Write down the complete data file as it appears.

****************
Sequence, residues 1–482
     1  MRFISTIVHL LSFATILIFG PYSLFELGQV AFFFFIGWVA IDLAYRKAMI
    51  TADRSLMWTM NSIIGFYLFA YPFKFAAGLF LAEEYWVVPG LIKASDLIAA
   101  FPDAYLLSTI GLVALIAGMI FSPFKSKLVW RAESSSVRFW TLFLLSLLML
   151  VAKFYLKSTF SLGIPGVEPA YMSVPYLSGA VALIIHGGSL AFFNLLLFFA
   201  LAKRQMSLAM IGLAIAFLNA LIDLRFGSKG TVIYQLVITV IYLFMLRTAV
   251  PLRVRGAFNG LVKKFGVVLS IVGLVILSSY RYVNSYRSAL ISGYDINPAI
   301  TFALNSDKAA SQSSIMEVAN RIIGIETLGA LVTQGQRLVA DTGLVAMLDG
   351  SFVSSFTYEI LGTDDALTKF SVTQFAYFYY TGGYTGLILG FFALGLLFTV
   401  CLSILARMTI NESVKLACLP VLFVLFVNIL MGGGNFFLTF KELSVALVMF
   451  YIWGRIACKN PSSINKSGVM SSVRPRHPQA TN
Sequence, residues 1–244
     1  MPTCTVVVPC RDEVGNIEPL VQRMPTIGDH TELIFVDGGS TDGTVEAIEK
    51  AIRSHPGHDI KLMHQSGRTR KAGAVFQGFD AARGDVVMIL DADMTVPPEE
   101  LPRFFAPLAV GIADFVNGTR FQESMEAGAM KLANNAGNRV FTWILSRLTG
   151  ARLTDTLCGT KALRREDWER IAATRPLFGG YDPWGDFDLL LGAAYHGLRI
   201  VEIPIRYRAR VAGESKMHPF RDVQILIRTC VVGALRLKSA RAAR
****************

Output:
Sequence, residues 1–482
     1  MRFISTIVHL LSFATILIFG PYSLFELGQV AFFFFIGWVA IDLAYRKAMI
    51  TADRSLMWTM NSIIGFYLFA YPFKFAAGLF LAEEYWVVPG LIKASDLIAA
   101  FPDAYLLSTI GLVALIAGMI FSPFKSKLVW RAESSSVRFW TLFLLSLLML
   151  VAKFYLKSTF SLGIPGVEPA YMSVPYLSGA VALIIHGGSL AFFNLLLFFA
   201  LAKRQMSLAM IGLAIAFLNA LIDLRFGSKG TVIYQLVITV IYLFMLRTAV
   251  PLRVRGAFNG LVKKFGVVLS IVGLVILSSY RYVNSYRSAL ISGYDINPAI
   301  TFALNSDKAA SQSSIMEVAN RIIGIETLGA LVTQGQRLVA DTGLVAMLDG
   351  SFVSSFTYEI LGTDDALTKF SVTQFAYFYY TGGYTGLILG FFALGLLFTV
   401  CLSILARMTI NESVKLACLP VLFVLFVNIL MGGGNFFLTF KELSVALVMF
   451  YIWGRIACKN PSSINKSGVM SSVRPRHPQA TN
Sequence, residues 1–244
     1  MPTCTVVVPC RDEVGNIEPL VQRMPTIGDH TELIFVDGGS TDGTVEAIEK
    51  AIRSHPGHDI KLMHQSGRTR KAGAVFQGFD AARGDVVMIL DADMTVPPEE
   101  LPRFFAPLAV GIADFVNGTR FQESMEAGAM KLANNAGNRV FTWILSRLTG
   151  ARLTDTLCGT KALRREDWER IAATRPLFGG YDPWGDFDLL LGAAYHGLRI
   201  VEIPIRYRAR VAGESKMHPF RDVQILIRTC VVGALRLKSA RAAR